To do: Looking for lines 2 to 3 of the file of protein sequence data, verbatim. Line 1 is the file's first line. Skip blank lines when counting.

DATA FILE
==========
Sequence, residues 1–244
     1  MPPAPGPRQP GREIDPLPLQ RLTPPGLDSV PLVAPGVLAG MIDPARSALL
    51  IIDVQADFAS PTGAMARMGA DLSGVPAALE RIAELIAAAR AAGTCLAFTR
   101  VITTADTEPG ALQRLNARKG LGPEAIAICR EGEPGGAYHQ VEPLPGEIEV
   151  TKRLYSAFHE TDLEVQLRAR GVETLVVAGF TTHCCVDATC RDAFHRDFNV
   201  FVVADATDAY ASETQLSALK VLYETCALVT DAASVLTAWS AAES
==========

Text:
     1  MPPAPGPRQP GREIDPLPLQ RLTPPGLDSV PLVAPGVLAG MIDPARSALL
    51  IIDVQADFAS PTGAMARMGA DLSGVPAALE RIAELIAAAR AAGTCLAFTR